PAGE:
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Bearing False Witness in a Polarized Age

The Eighth Commandment: You shall not bear false witness against your neighbor.

What is this? We are to fear and love God, so that we do not tell lies about our neighbors, betray or slander them, or destroy their reputations. Instead we are to come to their defense, speak well of them, and interpret everything they do in the best possible light.

-Luther’s Small Catechism

Dear People of God,

We have a serious eighth commandment problem in our country.

For the past several decades, Americans have increasingly divided themselves into two opposing camps based on political affiliation. This in itself is nothing new, but these identities have grown in recent years to encompass more and more of who we are and what we do. While conservative or progressive were at one time simply political identities, they are now cultural identities, and they influence everything from the stores we shop at to the kind of churches we attend.

This great sorting of Americans by our political parties means that we have very few interactions with people who think differently than us. Increasingly, the people we shop with, watch on TV, or sit next to in worship all agree with us on most of the big issues of the day. While being around others who think like us is comfortable, it makes it very easy to dismiss anyone who is not part of our group as misguided, malicious, or downright evil. To use a recent example, if everyone I interact with on a daily basis agrees that overturning Roe v. Wade was a great victory for justice in America, then it is nearly impossible for me to understand how anyone could reasonably disagree.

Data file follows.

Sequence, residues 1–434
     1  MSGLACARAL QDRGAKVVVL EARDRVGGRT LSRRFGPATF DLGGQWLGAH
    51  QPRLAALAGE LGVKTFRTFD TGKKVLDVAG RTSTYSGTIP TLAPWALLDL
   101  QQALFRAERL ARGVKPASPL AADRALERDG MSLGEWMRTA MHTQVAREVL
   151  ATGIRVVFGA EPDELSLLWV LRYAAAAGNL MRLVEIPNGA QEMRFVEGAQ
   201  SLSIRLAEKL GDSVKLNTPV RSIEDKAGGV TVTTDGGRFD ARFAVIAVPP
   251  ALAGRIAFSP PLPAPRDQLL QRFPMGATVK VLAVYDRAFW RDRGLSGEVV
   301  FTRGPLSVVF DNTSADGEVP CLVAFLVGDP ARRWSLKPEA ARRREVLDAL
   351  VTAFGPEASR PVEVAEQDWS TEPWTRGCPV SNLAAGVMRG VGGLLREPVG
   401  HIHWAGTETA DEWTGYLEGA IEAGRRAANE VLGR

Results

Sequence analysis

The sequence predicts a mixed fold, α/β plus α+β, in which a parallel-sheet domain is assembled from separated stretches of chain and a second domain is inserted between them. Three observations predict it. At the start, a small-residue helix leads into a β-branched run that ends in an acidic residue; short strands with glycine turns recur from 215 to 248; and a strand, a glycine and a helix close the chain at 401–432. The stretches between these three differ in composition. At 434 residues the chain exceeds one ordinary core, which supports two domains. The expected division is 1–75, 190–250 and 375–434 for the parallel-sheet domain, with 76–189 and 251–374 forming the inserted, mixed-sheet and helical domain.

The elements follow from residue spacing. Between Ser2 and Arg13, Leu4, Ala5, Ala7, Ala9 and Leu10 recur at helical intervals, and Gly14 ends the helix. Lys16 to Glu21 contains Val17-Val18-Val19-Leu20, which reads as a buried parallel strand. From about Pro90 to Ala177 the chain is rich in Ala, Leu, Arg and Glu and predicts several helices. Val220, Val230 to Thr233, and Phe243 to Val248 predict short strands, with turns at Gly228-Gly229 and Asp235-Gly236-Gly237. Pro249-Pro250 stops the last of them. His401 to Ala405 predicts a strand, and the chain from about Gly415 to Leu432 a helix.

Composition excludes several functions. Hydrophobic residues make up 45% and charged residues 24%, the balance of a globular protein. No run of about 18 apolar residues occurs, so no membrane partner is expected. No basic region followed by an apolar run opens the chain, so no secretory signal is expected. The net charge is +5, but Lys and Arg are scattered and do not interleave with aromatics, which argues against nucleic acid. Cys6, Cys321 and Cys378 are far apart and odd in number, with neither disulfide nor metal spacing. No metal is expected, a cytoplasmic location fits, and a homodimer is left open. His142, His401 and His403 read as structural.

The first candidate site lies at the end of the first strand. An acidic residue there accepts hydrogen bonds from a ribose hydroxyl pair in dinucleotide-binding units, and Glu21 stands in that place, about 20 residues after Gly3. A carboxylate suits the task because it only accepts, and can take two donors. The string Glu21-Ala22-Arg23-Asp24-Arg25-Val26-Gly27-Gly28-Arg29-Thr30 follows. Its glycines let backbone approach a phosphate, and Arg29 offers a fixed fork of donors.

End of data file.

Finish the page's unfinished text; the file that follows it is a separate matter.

This lack of understanding is fertile ground for lies and slander against those outside our group, and our public discourse is thick with this sort of venomous speech. Not only is this damaging to our democracy, it is a direct violation of God’s command against bearing false witness given in Exodus 20:16.

As Martin Luther explains in his Small Catechism, this command is not just about telling the truth; it involves protecting the reputations of those with whom we live. This means that not only are we to avoid spreading lies about them, but we also must “come to their defense” when others tell those lies in our presence. Rather than focusing on what we disapprove of, we are to “speak well of them.” And when they act in ways that perplex us, we are to interpret their actions “in the best possible light.”

This commandment holds for our friends and family, but it also holds for those we regard as enemies. This does not mean, of course, that we should pretend to agree with everyone or paper over our differences. Instead, it means that we treat others with respect even as we express our differences. Rather than simply mocking those who believe things that seem ridiculous to us, we take them seriously enough to try to understand their position, even if it is one we will ultimately disagree with.

Of course, there are limits to this. Sometimes people really do simply have bad motives. Sometimes the “best possible light” reveals evil intent. This is not a command to trust every con artist out there, nor is it a way of saying that everyone’s truth is equally valid. Instead, this is a command to engage seriously and respectfully with those who are different from us while remaining strong and flexible in our own convictions. As Jesus says in Matthew 10:16, “be as wise as serpents and as innocent as doves.”